Current data of hepatitis B virus (HBV) variants associated with treatment outcome identified by next generation sequencing (NGS) are limited. This study was aimed at determining the role of baseline sequence variations in the enhancer II (EnhII), basal core promotor (BCP) and pre-core (PC) regions of HBV genotype C in patients treated with pegylated interferon (PEG-IFN). Patients with HBeAg-positive chronic hepatitis B (CHB) treated with 48-week PEG-IFN were enrolled. Combined response (CR) at week 96 was defined by HBeAg seroconversion plus HBV DNA < 2000 IU/mL and HBsAg < 1000 IU/mL. Pre-treatment viral mutations were characterized by Sanger sequencing and NGS (Miseq Illumina platform). Among 47 patients (32 male, mean age 32.4 years), CR was achieved in 12 (25.5%) individuals. Overall, NGS was superior to Sanger sequencing in detecting mutations (61.7% vs. 38.3%, P < 0.001). Based on NGS, the prevalence of T1753V (T1753C/A/G) and A1762T/G1764A variants were significantly lower in responders compared to non-responders (8.3% vs. 51.4%, P = 0.009 and 33.3% vs. 68.6%, P = 0.032, respectively). No significant difference between groups was found regarding C1653T and G1896A mutants. The absence of T1753V and A1762T/G1764A mutations were factors associated with CR (OR 11.65, 95%CI 1.36-100.16, P = 0.025, and OR 4.36, 95%CI 1.08-17.63, P = 0.039, respectively). The existence of pre-treatment T1753V, A1762T/G1764A mutations and their combination yielded negative predictive values of 94.7%, 85.7% and 93.8%, respectively. The presence of HBV mutants in the BCP region determined by NGS at baseline was associated with poor treatment outcome in patients with HBeAg-positive CHB receiving PEG-IFN.
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http://dx.doi.org/10.1007/s11262-019-01689-5DOI Listing
October 2019

Phosphoproteomics analysis of male and female Schistosoma mekongi adult worms.

Sci Rep 2019 07 10;9(1):10012. Epub 2019 Jul 10.

Department of Molecular Tropical Medicine and Genetics, Faculty of Tropical Medicine, Mahidol University, Bangkok, 10400, Thailand.

Schistosoma mekongi is one of the major causative agents of human schistosomiasis in Southeast Asia. Praziquantel is now the only drug available for treatment and there are serious concerns about parasite resistance to it. Therefore, a dataset of schistosome targets is necessary for drug development. Phosphorylation regulates signalling pathways to control cellular processes that are important for the parasite's growth and reproduction. Inhibition of key phosphoproteins may reduce the severity of schistosomiasis. In this research, we studied the phosphoproteomes of S. mekongi male and female adult worms by using computational and experimental approaches. Using a phosphoproteomics approach, we determined that 88 and 44 phosphoproteins were male- and female-biased, respectively. Immunohistochemistry using anti-phosphoserine antibodies demonstrated phosphorylation on the tegument and muscle of male S. mekongi worms and on the vitelline gland and gastrointestinal tract of female worms. This research revealed S. mekongi sex-dependent phosphoproteins. Our findings provide a better understanding of the role of phosphorylation in S. mekongi and could be integrated with information from other Schistosoma species to facilitate drug and vaccine development.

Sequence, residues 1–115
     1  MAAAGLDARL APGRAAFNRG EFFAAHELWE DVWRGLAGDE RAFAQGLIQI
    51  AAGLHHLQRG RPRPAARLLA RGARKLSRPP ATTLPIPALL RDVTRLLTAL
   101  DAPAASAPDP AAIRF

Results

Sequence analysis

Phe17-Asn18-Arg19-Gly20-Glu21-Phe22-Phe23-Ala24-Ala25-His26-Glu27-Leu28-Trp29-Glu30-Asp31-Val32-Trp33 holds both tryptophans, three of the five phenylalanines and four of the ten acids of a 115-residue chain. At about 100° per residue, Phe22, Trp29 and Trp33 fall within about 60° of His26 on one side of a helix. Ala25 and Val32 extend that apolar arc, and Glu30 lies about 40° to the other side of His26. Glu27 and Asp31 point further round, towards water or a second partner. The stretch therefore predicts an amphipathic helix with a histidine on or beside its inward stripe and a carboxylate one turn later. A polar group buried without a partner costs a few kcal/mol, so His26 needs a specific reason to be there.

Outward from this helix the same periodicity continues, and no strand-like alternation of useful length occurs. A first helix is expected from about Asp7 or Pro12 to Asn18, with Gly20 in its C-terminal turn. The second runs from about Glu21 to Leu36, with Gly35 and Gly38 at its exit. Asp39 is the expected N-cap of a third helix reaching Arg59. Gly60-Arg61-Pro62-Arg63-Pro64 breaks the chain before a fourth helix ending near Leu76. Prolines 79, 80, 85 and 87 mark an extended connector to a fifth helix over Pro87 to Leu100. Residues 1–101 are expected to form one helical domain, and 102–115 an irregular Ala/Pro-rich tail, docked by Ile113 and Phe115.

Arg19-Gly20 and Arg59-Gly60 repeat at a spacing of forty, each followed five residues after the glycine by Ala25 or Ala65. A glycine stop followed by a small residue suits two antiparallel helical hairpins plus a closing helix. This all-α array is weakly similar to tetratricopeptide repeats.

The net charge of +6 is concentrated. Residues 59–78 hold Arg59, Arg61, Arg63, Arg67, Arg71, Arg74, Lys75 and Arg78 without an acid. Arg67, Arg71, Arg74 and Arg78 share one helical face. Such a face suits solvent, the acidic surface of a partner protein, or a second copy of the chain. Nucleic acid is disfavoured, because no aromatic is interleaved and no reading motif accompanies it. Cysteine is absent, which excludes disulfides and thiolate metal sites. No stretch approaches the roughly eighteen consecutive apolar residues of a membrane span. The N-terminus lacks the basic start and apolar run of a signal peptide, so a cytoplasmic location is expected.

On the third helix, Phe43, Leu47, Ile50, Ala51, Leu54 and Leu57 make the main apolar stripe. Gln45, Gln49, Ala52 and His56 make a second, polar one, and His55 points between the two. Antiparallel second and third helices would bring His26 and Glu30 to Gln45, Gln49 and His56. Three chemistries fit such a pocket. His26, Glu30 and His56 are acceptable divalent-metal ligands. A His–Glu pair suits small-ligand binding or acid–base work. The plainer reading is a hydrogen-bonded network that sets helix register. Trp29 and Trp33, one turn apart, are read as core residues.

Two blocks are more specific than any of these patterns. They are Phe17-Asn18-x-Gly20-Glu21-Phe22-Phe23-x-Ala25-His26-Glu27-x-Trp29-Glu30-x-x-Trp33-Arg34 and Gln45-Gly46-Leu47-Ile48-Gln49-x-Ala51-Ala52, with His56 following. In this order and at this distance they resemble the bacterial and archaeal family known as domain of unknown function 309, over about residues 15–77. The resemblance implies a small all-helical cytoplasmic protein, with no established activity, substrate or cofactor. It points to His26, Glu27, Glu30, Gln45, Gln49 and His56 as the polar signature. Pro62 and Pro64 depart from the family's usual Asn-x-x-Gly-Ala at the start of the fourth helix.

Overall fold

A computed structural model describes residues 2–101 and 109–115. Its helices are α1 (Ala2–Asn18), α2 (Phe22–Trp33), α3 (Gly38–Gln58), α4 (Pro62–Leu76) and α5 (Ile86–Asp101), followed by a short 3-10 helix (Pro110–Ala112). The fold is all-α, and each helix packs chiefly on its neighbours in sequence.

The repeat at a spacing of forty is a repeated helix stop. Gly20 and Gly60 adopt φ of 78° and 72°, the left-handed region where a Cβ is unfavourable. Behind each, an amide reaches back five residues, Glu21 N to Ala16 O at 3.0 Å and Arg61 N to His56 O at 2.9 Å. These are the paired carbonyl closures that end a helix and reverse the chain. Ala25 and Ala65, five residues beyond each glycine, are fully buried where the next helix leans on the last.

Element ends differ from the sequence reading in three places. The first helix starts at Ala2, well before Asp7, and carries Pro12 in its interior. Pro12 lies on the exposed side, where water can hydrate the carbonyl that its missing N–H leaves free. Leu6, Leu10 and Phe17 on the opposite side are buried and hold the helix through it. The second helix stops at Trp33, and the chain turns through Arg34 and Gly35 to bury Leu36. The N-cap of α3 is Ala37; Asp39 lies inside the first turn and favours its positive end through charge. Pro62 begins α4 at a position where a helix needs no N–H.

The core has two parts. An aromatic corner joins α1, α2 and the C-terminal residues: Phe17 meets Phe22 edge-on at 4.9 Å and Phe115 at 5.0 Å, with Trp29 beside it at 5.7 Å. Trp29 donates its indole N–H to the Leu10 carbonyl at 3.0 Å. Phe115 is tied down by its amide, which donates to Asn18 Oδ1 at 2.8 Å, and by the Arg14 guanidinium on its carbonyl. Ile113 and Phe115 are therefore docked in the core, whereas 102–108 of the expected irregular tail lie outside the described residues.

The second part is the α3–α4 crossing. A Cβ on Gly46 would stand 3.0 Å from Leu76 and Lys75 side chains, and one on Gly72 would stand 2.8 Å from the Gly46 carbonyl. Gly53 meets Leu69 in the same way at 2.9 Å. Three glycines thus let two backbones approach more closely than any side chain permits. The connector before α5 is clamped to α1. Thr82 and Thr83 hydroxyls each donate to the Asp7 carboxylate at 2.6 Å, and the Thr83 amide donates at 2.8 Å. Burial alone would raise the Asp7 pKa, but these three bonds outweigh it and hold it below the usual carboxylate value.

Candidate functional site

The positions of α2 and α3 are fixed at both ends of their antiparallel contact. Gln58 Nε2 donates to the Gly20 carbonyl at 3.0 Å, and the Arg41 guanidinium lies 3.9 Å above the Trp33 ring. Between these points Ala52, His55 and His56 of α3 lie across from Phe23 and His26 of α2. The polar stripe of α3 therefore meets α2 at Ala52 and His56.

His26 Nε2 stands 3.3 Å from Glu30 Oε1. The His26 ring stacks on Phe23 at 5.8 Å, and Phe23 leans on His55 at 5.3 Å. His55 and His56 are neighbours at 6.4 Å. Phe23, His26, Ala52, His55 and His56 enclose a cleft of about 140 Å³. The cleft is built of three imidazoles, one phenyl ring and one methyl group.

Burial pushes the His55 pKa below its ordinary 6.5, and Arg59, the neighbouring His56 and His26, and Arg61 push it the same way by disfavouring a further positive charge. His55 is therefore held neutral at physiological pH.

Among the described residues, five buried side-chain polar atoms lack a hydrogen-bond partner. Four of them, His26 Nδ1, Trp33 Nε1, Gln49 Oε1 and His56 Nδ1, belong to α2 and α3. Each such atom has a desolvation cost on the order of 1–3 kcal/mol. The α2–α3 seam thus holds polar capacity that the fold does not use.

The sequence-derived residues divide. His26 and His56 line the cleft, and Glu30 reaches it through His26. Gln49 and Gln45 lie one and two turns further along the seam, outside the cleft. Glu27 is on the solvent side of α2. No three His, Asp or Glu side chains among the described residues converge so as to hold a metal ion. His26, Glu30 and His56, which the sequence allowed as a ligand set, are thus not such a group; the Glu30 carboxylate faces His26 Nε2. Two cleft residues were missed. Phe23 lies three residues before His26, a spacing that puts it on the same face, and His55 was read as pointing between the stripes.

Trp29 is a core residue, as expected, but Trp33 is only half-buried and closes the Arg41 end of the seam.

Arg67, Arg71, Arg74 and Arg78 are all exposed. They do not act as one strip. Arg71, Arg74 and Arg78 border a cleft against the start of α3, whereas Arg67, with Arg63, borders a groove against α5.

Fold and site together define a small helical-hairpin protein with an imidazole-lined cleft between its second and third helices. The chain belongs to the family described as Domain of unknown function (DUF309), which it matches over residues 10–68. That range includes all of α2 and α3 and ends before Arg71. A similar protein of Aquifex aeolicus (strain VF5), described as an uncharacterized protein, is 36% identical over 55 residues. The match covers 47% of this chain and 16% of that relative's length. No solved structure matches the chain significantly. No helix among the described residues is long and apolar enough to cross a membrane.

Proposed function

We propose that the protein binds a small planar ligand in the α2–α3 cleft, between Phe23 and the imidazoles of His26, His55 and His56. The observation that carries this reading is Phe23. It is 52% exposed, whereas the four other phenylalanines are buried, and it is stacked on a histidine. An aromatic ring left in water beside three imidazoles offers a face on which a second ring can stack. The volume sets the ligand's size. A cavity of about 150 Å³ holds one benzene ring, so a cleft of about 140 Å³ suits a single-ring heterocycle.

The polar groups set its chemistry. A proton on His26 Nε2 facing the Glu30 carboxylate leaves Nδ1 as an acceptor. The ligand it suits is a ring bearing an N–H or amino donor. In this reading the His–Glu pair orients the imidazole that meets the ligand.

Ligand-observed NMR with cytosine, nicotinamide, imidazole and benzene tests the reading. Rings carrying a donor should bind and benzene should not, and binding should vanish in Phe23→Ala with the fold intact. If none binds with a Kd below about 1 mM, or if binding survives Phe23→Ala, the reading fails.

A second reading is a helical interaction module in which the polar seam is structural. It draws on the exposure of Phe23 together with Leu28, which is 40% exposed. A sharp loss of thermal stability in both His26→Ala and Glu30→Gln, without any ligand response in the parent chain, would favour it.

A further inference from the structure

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http://dx.doi.org/10.1038/s41598-019-46456-6DOI Listing
http://www.ncbi.nlm.nih.gov/pmc/articles/PMC6620315PMC
July 2019

Association of NTCP polymorphisms with clinical outcome of hepatitis B infection in Thai individuals.

BMC Med Genet 2019 05 22;20(1):87. Epub 2019 May 22.

Center of Excellence in Hepatitis and Liver Cancer, Faculty of Medicine, Chulalongkorn University, Bangkok, 10330, Thailand.

Background: Single nucleotide polymorphisms (SNPs) in the sodium taurocholate co-transporting polypeptide (NTCP) have been showed to be associated with natural history of hepatitis B virus (HBV) infection. However, it is unclear whether the SNPs are related to the clinical outcome of HBV infection in Thai individuals.

Methods: The rs2296651 and rs4646287 polymorphisms of NTCP were determined by allelic discrimination using commercial TaqMan probes in blood samples of 1021 Thai individuals. These subjects included 610 patients with chronic HBV infection [CHB, 305 with hepatocellular carcinoma (HCC) and 305 without HCC], 206 subjects with spontaneous HBV clearance and 205 healthy controls who were age and gender-matched.